During a recent class, students discussed their reactions to episodes of “Finding Your Roots,” a PBS show that features celebrities learning about their ancestries.
Students were assigned to watch an episode and write a two-page paper about it.
Around a large conference table dotted with water bottles and notebooks, the conversation veered from slavery to World War I and wandered into the Indian Partition and the Great Migration.
Emberton sat at one end of the conference table, serving more as facilitator than lecturer, with students doing most of the talking during the 50-minute session. Emberton used the popular show to ease students into the content, but by the end of the course, she expects them to do their own genealogical research, either on their own family or of a family of some historical importance.
“It’s a really popular way that people interact with the past,” she said. “I thought it would be a good way to interest students who might think they’re not interested in history.”
The seminar was exactly what Marina Garcia needed to counterbalance the more traditional survey courses she’s taking. Garcia, a sophomore from Williamsville studying sociology, transferred to UB from Daemen College, a smaller institution. She was intimidated by the size of her new campus.
“My psych class has over 400 students, which was a huge culture shock for me. It was like being in an arena,” she said.
Before the start of the semester, Emberton collected photographs of all the students in her class, so she could better connect names with faces.
“She wanted to get to know us,” Garcia said. “It set me up for the rest of my courses, the rest of my semester here. It was like, ‘OK, I can do this.’ ”
Engaged in class
Few places in the world seemed as distant from a hurricane as UB’s North Campus on a late summer afternoon of cloudless skies. But on the fourth floor of Cooke Hall, typhoons were the subject of a spirited classroom discussion. Briner directed a dozen students to find evidence in their assigned readings supporting the notion that climate change and hurricanes were unrelated. He told the other half of the class to show findings suggesting a link. For 20 minutes, both groups developed plausible lists, with credible sources.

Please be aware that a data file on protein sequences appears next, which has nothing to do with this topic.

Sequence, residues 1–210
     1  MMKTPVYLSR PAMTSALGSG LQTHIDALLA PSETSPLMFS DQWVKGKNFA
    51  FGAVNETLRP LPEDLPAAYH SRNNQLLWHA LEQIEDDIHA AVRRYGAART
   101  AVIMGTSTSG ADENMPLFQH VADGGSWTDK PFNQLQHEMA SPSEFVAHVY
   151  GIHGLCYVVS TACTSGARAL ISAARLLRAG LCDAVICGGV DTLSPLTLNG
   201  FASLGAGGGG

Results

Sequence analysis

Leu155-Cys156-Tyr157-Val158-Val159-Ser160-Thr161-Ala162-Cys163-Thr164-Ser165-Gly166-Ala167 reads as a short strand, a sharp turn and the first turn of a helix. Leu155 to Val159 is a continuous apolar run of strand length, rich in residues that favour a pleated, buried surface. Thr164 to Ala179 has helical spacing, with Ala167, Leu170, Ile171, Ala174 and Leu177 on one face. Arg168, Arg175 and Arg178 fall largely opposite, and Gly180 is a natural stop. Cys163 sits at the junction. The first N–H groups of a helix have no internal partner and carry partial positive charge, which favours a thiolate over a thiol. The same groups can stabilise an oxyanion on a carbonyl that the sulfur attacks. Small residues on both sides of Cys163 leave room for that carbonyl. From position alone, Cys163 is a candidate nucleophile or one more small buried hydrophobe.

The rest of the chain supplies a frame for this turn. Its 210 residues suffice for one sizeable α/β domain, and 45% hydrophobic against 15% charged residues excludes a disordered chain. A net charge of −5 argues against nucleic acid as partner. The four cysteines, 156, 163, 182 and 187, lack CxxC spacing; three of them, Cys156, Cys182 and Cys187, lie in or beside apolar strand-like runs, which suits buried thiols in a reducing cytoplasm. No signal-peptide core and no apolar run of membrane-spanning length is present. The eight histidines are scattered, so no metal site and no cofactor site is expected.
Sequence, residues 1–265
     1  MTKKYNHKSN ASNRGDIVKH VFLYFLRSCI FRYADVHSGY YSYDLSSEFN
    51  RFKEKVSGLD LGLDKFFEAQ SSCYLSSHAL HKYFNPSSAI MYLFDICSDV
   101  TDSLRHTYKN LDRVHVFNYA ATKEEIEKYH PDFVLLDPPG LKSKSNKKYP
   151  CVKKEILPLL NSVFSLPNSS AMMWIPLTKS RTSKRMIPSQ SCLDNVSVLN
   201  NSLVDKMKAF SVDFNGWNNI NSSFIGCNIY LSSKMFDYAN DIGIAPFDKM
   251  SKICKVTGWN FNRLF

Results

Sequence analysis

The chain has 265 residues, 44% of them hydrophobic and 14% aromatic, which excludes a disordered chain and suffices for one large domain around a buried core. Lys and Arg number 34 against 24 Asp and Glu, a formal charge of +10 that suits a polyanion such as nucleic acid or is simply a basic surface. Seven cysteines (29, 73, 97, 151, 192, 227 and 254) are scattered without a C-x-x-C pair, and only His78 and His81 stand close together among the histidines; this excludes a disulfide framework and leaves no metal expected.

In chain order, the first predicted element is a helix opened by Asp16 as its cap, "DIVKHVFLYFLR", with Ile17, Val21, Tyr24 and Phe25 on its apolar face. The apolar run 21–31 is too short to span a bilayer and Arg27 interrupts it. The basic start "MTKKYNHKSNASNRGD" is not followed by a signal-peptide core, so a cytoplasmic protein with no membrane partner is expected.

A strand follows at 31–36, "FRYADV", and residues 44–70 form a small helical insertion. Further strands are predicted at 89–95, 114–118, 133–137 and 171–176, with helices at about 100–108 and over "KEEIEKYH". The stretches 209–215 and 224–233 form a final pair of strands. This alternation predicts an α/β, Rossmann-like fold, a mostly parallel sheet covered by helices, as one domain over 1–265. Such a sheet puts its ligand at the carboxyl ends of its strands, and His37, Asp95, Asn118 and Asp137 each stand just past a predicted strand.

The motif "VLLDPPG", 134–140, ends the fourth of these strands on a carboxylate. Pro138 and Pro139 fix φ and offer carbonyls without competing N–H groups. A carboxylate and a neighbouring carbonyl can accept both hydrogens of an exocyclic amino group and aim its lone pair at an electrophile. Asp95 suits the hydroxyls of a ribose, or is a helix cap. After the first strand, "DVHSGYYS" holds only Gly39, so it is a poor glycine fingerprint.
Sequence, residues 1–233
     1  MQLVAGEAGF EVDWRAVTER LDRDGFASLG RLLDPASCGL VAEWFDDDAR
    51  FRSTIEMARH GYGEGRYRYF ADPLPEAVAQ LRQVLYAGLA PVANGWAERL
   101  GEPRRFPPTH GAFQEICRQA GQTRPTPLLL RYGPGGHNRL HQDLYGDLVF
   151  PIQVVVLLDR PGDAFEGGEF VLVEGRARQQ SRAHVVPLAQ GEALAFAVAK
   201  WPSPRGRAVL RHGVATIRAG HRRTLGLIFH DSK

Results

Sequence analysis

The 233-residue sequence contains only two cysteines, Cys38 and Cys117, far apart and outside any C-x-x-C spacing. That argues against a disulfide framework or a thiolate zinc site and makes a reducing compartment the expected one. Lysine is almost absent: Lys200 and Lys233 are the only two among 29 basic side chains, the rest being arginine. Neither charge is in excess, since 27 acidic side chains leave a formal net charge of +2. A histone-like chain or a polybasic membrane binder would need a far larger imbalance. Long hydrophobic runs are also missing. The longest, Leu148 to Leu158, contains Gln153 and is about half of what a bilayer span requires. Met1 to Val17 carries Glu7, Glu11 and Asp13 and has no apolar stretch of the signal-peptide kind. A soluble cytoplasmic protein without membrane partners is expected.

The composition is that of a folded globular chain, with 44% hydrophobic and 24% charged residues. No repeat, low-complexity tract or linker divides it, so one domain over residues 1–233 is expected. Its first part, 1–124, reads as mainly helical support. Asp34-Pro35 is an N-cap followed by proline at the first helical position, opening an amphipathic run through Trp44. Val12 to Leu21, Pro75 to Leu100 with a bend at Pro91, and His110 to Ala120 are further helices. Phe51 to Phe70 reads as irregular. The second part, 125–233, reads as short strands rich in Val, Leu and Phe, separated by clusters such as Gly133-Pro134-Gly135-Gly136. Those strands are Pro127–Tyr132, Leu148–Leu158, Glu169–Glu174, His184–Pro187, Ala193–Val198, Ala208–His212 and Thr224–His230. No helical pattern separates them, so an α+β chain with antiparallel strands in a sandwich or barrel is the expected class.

“What is going on with this difference in what people are saying?” Briner asked.
He knows that while global warming is a real phenomenon, the statistics aren’t definitive yet on whether global warming already has caused more and stronger hurricanes.
But he wanted students to dissect the information for themselves and struggle with the nuances of the debate.
This method of teaching yields better results in the long run, said Drezek McConnell, the educational psychologist.
“It’s more important what you have students do, than what you as a faculty member do,” she said. “Their learning will be deeper the more they have to roll up their sleeves and mess around with the content and the material.”
Briner has published scholarly articles and traveled to Greenland, Norway and Alaska for his research. He looks every bit the part of a globetrotting geologist who scours the Arctic for clues about climate change. He rides a bike to campus and paces the room in hiking shoes and Carhartt slacks, prodding students with questions. He tells students to take notes during class discussions – to hone their skills for future lecture courses.
Students in Briner’s class come from many disciplines, including business, humanities, social sciences and engineering, and most have some passion for the environment.
The small, casual space “definitely gets students more engaged in the class,” Leuschner said.
In future sessions of “Global Warming,” students will discuss the rise in sea levels, the politics of climate change denial and how global warming might affect winter weather in Buffalo. Briner hopes to get them thinking about the way the natural sciences interact with everyday life. And beyond that, he’s trying to mold the kind of student he wants to teach at more advanced levels – students who take good notes, think critically, study and write well, and know how to manage their time.
“I’m also teaching them how to succeed as college students,” he said.
John P. McWhorter was the recipient of ACTA's Philip Merrill Award for Outstanding Contributions to Liberal Arts Education...